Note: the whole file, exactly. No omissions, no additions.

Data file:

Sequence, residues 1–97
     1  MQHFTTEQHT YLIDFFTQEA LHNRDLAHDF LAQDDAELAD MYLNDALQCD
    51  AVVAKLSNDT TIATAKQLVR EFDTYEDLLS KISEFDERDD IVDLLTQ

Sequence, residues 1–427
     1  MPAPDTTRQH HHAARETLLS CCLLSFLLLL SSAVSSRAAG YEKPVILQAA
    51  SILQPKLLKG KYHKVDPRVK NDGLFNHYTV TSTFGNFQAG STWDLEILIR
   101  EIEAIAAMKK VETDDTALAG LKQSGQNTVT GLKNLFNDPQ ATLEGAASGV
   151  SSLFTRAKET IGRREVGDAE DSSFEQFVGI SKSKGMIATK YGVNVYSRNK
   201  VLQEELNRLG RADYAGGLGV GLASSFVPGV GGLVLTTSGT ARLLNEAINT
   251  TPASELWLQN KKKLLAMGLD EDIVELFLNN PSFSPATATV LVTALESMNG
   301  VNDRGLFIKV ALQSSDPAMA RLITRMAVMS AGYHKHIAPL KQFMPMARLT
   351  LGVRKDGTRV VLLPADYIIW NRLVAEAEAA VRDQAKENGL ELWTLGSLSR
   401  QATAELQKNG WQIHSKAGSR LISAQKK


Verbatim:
Sequence, residues 1–97
     1  MQHFTTEQHT YLIDFFTQEA LHNRDLAHDF LAQDDAELAD MYLNDALQCD
    51  AVVAKLSNDT TIATAKQLVR EFDTYEDLLS KISEFDERDD IVDLLTQ

Sequence, residues 1–427
     1  MPAPDTTRQH HHAARETLLS CCLLSFLLLL SSAVSSRAAG YEKPVILQAA
    51  SILQPKLLKG KYHKVDPRVK NDGLFNHYTV TSTFGNFQAG STWDLEILIR
   101  EIEAIAAMKK VETDDTALAG LKQSGQNTVT GLKNLFNDPQ ATLEGAASGV
   151  SSLFTRAKET IGRREVGDAE DSSFEQFVGI SKSKGMIATK YGVNVYSRNK
   201  VLQEELNRLG RADYAGGLGV GLASSFVPGV GGLVLTTSGT ARLLNEAINT
   251  TPASELWLQN KKKLLAMGLD EDIVELFLNN PSFSPATATV LVTALESMNG
   301  VNDRGLFIKV ALQSSDPAMA RLITRMAVMS AGYHKHIAPL KQFMPMARLT
   351  LGVRKDGTRV VLLPADYIIW NRLVAEAEAA VRDQAKENGL ELWTLGSLSR
   401  QATAELQKNG WQIHSKAGSR LISAQKK